Organised by Questex Hospitality Group, the Annual Hotel Conference Reimagined had a different look and feel from last year’s in-person event. It combined pre-recorded studio sessions with live interactions across two days.
Re-thinking hospitality to shape a new normal was a half hour session chaired by Peter Hancock, chief executive of Pride of Britain Hotels. Hancock was joined by Deirdre Wells OBE, CEO of Visit Kent, and Hubert Viriot, CEO of Yotel.
Opening the conversation with a look at occupancy and rates, Viriot highlighted how there’s “different sides of the story” with a nod to the urban and rural divide. He noted that hotels in London were the most hit, with leisure-oriented, provincial hotels benefitting greatly.
Wells agreed, stating that Kent, as a coastal and rural destination, saw a 50 per cent occupancy in July which improved to two-thirds in August. “We’re heading in the right direction,” she said, despite restricted openings with lower capacities. Wells is however noticing a “revenge spend” in pent up demand with leisure travel providing the opportunity to elevate rates that business travellers are restricted from spending.
Viriot spoke about the impact of government rhetoric on business, claiming that at the beginning of September he saw a positive trend when people were encouraged to return back to work. The threat of a second wave has nevertheless hindered travel plans to London – Viriot describe it as a “short-lived, hopeful moment” for Yotel.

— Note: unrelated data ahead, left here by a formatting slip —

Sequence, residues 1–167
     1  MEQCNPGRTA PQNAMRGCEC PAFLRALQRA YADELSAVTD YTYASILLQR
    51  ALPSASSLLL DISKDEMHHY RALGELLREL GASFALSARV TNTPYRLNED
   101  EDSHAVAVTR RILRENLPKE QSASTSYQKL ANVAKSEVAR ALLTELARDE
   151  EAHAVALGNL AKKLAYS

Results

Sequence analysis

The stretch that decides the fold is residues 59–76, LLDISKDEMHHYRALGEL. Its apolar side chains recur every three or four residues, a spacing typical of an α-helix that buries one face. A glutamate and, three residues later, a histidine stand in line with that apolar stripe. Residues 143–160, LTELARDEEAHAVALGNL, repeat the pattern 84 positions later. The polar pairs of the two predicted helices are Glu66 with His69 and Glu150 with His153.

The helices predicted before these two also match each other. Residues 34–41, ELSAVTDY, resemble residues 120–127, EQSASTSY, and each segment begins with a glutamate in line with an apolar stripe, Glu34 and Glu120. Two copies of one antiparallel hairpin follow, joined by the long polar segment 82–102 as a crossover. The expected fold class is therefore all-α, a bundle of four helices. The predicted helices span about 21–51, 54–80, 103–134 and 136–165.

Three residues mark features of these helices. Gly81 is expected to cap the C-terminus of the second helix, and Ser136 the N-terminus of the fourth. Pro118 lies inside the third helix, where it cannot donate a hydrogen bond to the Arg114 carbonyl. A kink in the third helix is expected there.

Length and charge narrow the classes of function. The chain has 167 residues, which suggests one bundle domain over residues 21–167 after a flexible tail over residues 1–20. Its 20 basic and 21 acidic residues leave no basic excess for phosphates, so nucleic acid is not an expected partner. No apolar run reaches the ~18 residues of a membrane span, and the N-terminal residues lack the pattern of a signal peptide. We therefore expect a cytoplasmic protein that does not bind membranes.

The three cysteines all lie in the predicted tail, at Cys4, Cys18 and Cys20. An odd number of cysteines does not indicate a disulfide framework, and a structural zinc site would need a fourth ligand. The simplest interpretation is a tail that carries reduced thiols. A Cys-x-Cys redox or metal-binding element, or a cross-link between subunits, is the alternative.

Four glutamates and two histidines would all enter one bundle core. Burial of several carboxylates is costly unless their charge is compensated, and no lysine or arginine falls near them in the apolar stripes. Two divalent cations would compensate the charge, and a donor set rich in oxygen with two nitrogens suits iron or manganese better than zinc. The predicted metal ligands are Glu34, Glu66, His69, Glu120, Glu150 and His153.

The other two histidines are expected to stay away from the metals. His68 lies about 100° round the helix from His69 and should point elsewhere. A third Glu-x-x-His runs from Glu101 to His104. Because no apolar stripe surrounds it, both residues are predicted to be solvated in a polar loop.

Assessing the capital’s recovery, Viriot delivered a strong message about the fundamental need for “consistent and quick testing” to help restore consumer confidence. “In some of our foreign properties where testing is common, we’ve seen this trend,” he said. “In Istanbul, testing is compulsory and our hotel here has achieved almost pre-Covid levels. We’re in lockdown from rest of world here in the UK which is challenging.”
Looking further ahead at the return of overseas travellers, Wells sees the opportunity for rural and smaller towns to capitalise on business meetings and events. She explained: “We need to make sure that we’re investing in and supporting the development of rebuilds. The world is changing… If we’re serious as a destination and country for increasing international visitors, then those larger scale hotels need to be built and we don’t have enough in Kent.”
Business models were also a focus of the conversation, in particular hotels that sit at both ends of the sector. Prompted by Hancock’s question on the prospects for luxurious hotels, Viriot believes consumers will ultimately be steered in two directions – towards affordability or luxury. “Those who failed to have an identity and connect with the consumer pre-Covid will feel this even more so,” he claimed. “It’s the wide, mid-scale element which is difficult.”
Ending the session on a positive note, Wells spoke highly of the industry as a resilient body: “We’re innovative and entrepreneurial. We need to be flexible and if [local authorities] can support us, we can come back better and stronger.”
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